Kalyani – A view from the southeast side
Located on the northeast corner of the Belur Chennakeshava Temple complex, this rectangular-shaped well is Kalyani, a temple tank common to Hindu temples. The temple tanks are also known by many other names, including Pushkarini and Kunda.
According to an inscription, Hoysala King Ballala II commissioned this temple tank in 1175 CE and was named Vasudeva Sarovara. Vasudeva is synonymous with Vishnu, because Krishna, Vishnu’s eighth avatara, is known by this name (also his father’s name). Sarovara means a lake in Kannada. It is now officially known as Gajagonda (Elephant Pond).
As you can see, the tank is inside a walled enclosure. Inside the temple complex, the tank is enclosed by specially built walls on the west and south sides. It is enclosed by the walls of the temple prakara (which is a protective wall surrounding the temple) on the east and north sides. The entrance is through a door in the pavilion located in the middle of the west-side wall.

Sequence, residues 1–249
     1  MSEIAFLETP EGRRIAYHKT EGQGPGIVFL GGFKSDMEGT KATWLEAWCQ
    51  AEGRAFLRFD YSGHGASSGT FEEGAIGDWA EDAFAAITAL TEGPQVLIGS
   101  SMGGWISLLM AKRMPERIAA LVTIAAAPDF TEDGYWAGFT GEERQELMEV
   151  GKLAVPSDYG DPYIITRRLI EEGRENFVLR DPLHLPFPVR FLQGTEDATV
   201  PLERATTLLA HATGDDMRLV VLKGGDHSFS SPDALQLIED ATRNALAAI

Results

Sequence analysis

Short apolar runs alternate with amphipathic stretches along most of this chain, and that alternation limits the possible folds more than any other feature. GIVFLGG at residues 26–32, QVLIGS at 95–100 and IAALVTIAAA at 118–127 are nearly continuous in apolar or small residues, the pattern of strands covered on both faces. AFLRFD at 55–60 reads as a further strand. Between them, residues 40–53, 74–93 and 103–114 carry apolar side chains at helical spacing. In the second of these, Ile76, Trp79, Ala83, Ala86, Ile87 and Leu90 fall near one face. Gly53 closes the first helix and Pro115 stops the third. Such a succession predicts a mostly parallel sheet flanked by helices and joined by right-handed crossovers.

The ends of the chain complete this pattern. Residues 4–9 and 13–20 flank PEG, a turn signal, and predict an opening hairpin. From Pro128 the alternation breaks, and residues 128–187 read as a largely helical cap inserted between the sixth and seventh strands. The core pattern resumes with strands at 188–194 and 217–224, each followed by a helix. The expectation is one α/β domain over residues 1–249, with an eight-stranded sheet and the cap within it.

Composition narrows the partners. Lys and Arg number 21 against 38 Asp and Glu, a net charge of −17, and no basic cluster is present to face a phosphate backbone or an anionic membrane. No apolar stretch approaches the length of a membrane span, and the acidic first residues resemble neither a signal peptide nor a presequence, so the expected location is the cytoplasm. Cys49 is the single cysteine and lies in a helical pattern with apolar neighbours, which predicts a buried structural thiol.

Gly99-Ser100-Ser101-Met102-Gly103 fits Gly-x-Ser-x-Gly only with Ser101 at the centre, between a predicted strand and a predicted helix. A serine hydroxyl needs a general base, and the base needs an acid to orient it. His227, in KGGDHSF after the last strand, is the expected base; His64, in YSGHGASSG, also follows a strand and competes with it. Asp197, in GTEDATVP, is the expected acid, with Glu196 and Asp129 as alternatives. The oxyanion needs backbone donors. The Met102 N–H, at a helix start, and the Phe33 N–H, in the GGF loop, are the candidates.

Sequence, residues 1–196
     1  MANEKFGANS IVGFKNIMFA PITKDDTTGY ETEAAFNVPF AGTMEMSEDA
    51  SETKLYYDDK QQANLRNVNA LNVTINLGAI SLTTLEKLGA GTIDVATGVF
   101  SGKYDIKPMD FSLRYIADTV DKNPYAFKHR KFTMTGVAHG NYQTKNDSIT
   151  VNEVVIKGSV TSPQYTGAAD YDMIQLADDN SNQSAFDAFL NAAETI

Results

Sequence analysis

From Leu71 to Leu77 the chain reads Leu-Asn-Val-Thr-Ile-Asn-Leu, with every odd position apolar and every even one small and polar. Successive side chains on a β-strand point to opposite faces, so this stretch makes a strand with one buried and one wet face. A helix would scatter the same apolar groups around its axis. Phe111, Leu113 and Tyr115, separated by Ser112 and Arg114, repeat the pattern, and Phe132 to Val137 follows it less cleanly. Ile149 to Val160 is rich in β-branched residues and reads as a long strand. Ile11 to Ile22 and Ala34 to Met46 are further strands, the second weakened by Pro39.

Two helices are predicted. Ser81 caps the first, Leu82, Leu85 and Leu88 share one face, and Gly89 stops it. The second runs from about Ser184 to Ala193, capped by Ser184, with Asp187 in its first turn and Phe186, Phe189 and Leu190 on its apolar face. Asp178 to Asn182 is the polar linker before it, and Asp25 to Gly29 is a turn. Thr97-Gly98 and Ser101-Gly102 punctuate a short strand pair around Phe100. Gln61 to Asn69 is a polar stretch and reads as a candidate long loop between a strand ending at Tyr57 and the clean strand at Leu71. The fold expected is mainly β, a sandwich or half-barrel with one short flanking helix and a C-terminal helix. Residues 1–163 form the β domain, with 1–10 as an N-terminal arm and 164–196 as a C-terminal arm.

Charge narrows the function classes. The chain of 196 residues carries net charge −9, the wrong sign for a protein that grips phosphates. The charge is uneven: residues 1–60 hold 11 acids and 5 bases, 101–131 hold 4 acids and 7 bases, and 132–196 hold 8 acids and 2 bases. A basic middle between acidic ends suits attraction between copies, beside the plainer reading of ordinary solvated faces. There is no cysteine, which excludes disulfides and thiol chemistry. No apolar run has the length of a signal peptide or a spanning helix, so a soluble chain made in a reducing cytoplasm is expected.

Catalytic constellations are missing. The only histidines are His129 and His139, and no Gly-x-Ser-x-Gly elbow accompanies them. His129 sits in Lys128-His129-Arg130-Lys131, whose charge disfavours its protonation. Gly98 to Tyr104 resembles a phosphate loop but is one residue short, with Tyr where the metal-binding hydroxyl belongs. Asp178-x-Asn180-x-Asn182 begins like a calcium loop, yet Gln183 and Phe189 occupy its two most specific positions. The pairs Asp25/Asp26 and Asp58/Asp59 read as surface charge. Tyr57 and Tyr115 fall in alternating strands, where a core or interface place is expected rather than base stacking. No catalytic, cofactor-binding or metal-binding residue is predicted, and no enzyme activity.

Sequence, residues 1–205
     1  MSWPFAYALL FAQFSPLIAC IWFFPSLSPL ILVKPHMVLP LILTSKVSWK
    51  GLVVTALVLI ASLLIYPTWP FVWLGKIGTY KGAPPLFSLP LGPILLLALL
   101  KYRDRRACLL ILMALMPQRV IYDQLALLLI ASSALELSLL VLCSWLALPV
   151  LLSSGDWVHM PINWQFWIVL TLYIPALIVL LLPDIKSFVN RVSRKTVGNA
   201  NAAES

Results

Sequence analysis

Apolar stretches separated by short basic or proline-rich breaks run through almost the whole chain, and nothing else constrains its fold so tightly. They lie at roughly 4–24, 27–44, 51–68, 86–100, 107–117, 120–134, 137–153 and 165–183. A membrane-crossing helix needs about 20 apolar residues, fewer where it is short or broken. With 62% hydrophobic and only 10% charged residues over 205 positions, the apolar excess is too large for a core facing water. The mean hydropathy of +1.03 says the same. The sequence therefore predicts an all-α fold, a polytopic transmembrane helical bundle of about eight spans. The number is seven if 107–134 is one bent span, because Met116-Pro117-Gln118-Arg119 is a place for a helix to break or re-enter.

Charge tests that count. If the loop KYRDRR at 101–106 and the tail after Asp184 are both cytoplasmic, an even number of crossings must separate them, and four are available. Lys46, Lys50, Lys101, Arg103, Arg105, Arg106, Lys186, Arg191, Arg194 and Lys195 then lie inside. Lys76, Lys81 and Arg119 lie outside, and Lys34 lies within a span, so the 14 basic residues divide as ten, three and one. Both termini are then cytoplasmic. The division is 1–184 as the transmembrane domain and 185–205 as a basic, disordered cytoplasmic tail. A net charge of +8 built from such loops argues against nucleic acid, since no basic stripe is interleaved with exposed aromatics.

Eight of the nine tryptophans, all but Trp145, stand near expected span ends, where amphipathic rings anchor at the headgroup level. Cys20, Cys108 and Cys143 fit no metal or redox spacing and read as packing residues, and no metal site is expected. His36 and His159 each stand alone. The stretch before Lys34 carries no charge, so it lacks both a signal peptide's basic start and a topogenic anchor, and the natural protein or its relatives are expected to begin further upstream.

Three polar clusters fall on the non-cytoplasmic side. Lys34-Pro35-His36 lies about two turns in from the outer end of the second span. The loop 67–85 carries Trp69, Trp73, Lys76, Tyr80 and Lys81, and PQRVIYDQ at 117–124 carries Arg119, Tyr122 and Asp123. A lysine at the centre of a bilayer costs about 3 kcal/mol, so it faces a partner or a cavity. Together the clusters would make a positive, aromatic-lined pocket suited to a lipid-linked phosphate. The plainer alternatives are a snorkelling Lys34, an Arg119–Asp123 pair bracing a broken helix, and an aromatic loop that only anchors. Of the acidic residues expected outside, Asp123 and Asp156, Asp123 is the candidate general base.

The image shows a view from the southeast side of the tank. As you can see, there are two statues of two elephants at the doorway and two mini shrines at the corners built on the terrace above the stairs. Access to the pond is through steps, which become narrower as you go down.
– Belur Chennakeshava Temple – Bracket Figures
– Belur – Chennakeshava Temple – Navaranga
– Belur Chennakeshava Temple – Garbhagriha Outer Wall
– Kappe Chennigaraya Temple
– Somanathapura Keshava Temple – A Masterpiece of Hoysala Temple Art
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